Most importantly, however, it gets rid of the dreaded 'final drive'. As long as their have been bulldozers there have been broken final drives. In the mid part of this century Caterpillar largely overwhelmed the domestic competition (Allis Chalmers, and International Harvester) due to the reputation of the others for broken final drives. The problem is that the drive sprocket needs to be relatively small in diameter to keep the ground speed down, but the dozer needs ground clearance. To accomplish this the drive train is mounted fairly high in the machine with the cross shaft exiting the sides of the dozer about where you see the "high drive" sprocket. In a traditional dozer there would be a small gear (a pinion) driving against a large gear (a bull gear) mounted below it which would provide the final gear reduction (hence final drive) and also the physical offset sufficient to provide the ground clearance. The problem with the little gear-big gear gear train is that the entire load of the vehicle is driven by a single gear tooth. the ability of a gear train to transmit power is a function of both speed and strength. The final drive by definition moves very slowly and must therefore be very strong. Every gear tooth must be strong enough to stall the engine or spin the track at a very low speed. Imagine the pressure developed on a gear when you take a diesel engine of several hundred horsepower, and run it through a series of speed reductions until it is down to just a few RPM and then concentrate that entire force on a single gear tooth.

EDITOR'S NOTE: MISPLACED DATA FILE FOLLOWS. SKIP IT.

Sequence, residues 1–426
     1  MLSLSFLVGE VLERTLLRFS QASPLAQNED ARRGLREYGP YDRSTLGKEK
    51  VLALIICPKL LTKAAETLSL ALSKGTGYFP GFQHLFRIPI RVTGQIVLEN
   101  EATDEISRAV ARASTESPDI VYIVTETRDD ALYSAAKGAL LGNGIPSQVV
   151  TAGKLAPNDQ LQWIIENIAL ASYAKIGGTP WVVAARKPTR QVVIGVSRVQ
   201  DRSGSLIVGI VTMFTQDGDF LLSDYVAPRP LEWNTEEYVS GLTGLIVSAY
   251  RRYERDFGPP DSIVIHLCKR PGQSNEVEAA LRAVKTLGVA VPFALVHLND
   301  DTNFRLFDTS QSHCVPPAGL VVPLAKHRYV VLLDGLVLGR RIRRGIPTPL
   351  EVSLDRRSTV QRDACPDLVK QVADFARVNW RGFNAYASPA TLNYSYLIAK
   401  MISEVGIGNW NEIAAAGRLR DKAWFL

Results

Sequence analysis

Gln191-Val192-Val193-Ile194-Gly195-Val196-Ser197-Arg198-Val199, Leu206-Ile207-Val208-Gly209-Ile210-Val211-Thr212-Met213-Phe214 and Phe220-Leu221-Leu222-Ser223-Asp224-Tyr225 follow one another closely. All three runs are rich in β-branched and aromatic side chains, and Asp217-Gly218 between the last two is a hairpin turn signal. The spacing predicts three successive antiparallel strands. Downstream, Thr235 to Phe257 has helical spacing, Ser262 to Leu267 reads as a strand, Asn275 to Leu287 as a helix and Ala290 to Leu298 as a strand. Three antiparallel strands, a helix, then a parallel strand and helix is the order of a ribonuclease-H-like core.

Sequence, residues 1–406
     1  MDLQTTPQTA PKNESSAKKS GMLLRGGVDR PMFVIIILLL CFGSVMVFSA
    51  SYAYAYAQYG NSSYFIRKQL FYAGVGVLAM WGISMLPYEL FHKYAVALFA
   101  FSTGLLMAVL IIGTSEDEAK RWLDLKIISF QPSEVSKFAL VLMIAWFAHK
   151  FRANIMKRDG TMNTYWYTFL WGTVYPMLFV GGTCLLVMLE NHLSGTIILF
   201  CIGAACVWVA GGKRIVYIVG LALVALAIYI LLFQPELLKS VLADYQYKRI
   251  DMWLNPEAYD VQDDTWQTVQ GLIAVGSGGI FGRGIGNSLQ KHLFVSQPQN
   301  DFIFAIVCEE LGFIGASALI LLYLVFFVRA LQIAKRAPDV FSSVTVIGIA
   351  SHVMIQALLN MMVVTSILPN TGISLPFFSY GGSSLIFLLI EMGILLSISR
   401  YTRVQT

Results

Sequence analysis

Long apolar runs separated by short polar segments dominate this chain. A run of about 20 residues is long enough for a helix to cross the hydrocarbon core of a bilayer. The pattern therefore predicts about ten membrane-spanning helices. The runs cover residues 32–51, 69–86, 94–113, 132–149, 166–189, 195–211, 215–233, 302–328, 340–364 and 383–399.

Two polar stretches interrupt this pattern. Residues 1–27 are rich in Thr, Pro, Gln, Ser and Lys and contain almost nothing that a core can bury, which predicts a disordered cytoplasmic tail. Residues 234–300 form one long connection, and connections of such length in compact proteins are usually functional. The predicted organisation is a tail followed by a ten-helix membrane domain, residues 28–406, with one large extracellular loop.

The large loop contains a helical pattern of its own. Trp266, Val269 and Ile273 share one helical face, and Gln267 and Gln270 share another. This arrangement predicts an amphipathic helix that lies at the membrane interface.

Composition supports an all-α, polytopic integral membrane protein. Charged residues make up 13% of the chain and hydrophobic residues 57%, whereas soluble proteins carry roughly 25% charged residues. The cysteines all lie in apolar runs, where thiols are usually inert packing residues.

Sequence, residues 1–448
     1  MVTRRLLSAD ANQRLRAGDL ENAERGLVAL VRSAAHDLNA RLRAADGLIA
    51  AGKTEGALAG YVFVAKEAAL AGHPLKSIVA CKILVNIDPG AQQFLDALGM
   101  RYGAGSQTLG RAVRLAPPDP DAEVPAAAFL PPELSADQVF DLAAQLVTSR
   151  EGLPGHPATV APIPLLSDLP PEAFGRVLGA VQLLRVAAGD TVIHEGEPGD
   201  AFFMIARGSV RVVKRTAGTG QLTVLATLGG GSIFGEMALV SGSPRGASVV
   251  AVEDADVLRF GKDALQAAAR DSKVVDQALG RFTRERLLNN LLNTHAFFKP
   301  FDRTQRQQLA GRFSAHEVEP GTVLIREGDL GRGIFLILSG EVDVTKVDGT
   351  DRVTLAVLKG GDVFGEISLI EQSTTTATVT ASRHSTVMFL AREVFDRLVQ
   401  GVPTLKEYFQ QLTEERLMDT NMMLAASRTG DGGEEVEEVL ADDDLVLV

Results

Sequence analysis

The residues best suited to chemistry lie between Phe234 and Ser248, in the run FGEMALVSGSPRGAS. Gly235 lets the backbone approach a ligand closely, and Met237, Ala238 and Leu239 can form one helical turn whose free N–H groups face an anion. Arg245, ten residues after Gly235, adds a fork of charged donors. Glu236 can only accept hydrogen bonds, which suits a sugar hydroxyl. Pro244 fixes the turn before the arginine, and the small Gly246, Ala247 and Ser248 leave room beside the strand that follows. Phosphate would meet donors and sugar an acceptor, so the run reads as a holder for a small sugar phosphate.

So what is the Solution. The engineers solution is fairly simple. Just get rid of the final drive. The planetary final drive is the better idea. It is inherently much stronger, because it has 3 or 4 (or more) planet gears circling a sun gear providing the gear reduction. This means that there are always multiple gear teeth engaged at any one time making the drive mechanism inherently stronger than the 1 tooth solution. The problem is, of course, that the planetary drive reduction does not provide a physical offset. With the high drive design this is not a problem. The planetary final gear reduction is contained within the drive sprocket (behind the massive bolt circle) and all is well.

Now all this is not to say that the use of planetary finals is impossible in the traditional dozer configuration (with a low drive sprocket). Indeed a number of models incorporate this feature, and in fact the Fiat Allis 31 shown on the bulldozer page has a planetary final drive integrated into the final drive bull gear. This means that the big-gear little- gear offset is ( I guess) not really a 'final drive' but a 'next to final drive'. This helps but the machines still scrunch final drives now and then though not badly. The other good news of the elevated sprocket is simply maintenance. When that last gear train ultimately does need help you can undo that bolt circle visible on the sprocket and fix it.

To access the final drive in a traditional dozer Such as the Fiat Allis 31, it takes determination. You have to break the track, disconnect the swingframe and elevate the dozer above it and pull the sprocket to get to the final drive area. This is all easier said than done. Breaking the track requires a 100 ton port-a-power. Removing some of the large bolts requires a 1 1/2 inch drive impact wrench ( the more common 1" drive impact wrenches don't cut it), and elevating one end of a 50 ton machine is no trivial task in itself. Of course, on a Smaller dozer the pieces are smaller but the principals are similar.

- - Updated 01/20/2013
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- - Updated 03/16/2008